19 December 2008

Bring Back Buck

As overthenet recently reminded us, this year is a significant one for the legacy of Buckminster Fuller, who popularised the geodesic dome and the term Spaceship Earth. A travelling retrospective exhibition resulted in a substantial feature in the November ArtForum, which also includes a piece on the Centre For Land Use Interpretation, an organisation we'll discuss on a later date.

Fuller's Axiometric contructions result in ideal architecture for admiring from the fifth facade. So, predictably perhaps, based on Wikipedia's list, here are some of Bucky's biggest extent domes:

TACOMA DOME, Washington, USA
The former SPRUCE GOOSE HANGAR, California, USA

Interesting to see another 20th C. visionary, Howard Hughes, had his Goose parked in a dome. According to a recent NZ Listener article, Chris Booth has plans to tunnel a subterranean land art project beneath the Eden Project.

Image: The Buckminster soccer ball, official ball of the FIFA Word Cup from 1970 - 2006.

17 December 2008


A few months ago photographer Frank Breuer was in New Zealand to exhibit some work and talk about his cool, typological surveys of seemingly banal subjects, such as shipping containers, warehouses and power poles. Working methodically in series, his images manage to extract an enigmatic poetry from these otherwise generic scenes.

In one of his talks he mentioned that he often explores sites in advance on google maps. Excellent! We had been looking for a good excuse to present the colossal colour-field abstracts we have long admired, stacked up in some of the world’s major freight yards. So here is ANTWERP, LOS ANGELES, LIVERPOOL, KOWLOON, TOKYO, SYDNEY, and TAURANGA.

Image: Frank Breuer, Untitled, 2005, (1578 Antwerpen)

15 December 2008

The Yellow Peril

In 1995, Claudia Bell and John Lyall wrote a book about the big sculptural things provincial towns like to put up as a kind of local signifier. The book not only became a TV documentary, but also a set of postage stamps, but darned if we can find any convincing views of one on google maps yet. A recent tip-off alerted us that Australia is also rife with Big Things so, while searching for a giant penguin in the Tasmanian town of (wait for it...) Penguin, we came across a blog entry on the Big Banana, the Yellow Submarine, and Melbourne's infamous 'YELLOW PERIL', now accomodated in a more sympathetic setting at ACCA.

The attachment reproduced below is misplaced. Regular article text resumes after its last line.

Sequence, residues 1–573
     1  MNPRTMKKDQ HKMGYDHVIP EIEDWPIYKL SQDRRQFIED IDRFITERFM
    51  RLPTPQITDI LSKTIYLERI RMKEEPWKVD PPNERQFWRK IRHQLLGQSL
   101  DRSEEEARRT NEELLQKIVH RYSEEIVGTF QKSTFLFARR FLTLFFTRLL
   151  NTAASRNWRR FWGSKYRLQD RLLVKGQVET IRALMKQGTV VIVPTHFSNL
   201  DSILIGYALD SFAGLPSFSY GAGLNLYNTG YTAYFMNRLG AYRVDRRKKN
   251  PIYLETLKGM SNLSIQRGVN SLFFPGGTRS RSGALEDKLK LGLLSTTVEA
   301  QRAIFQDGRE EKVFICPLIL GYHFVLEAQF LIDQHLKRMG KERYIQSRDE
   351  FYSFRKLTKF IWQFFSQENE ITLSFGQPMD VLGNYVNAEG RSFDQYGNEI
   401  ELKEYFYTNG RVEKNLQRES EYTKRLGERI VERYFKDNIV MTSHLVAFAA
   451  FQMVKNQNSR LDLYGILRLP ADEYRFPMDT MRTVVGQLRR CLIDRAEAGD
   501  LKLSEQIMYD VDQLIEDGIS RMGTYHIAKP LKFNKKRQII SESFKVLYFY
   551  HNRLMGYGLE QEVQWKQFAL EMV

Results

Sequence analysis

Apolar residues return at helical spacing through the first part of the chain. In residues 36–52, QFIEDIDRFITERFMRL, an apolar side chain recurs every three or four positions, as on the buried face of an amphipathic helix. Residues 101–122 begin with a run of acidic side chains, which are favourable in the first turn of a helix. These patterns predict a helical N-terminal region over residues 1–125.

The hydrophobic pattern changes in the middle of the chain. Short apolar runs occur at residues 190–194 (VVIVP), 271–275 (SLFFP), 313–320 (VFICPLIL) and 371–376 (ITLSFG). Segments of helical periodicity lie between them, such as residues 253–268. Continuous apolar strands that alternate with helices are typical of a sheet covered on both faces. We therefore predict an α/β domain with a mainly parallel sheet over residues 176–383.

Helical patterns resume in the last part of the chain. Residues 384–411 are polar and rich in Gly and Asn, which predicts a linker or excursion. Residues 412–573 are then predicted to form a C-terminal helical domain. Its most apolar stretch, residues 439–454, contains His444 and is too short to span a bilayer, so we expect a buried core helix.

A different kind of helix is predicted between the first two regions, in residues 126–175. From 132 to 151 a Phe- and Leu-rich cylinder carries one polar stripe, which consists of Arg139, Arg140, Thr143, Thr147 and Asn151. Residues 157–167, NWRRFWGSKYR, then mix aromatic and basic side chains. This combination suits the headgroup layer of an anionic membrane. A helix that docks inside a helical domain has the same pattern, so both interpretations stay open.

BTW, we did eventually find the penguin, but only by cheating and driving around for ages using STREET VIEW. Likewise the OHAKUNE CARROT and the GORE TROUT.

Image: The Big Cheese, in Bodalla, NSW.

14 December 2008

Wild Bill in Cloudland

Painter Bill Hammond's 1989 visit to the Auckland Islands has become somewhat of an apocryphal story, which we are told resulted in the brooding bird paintings that followed. What little most of know of this forsaken place are the hallucinatory images Hammond has fed into our imaginations. It is shrouded in further mystery from the fact that Hammond, who does not do interviews, has never spoken publically of his experience there. Photographer Laurence Aberhart was on that same expedition and last year added to the legend in the Jingle Jangle Morning exhibition catalogue with the tale of a long, cold night on Enderby Island, holed up in car cases and being entertained at "Bill's Bar". To conclude the catalogue's written section, there are two nocturnal photographs by Lloyd Godman, also on that trip along with Gerda Leenards, of a possessed-looking Hammond stalking through a Rata forest - these photos are now on show in the Auckland Art Gallery's Enchanted Garden exhibition.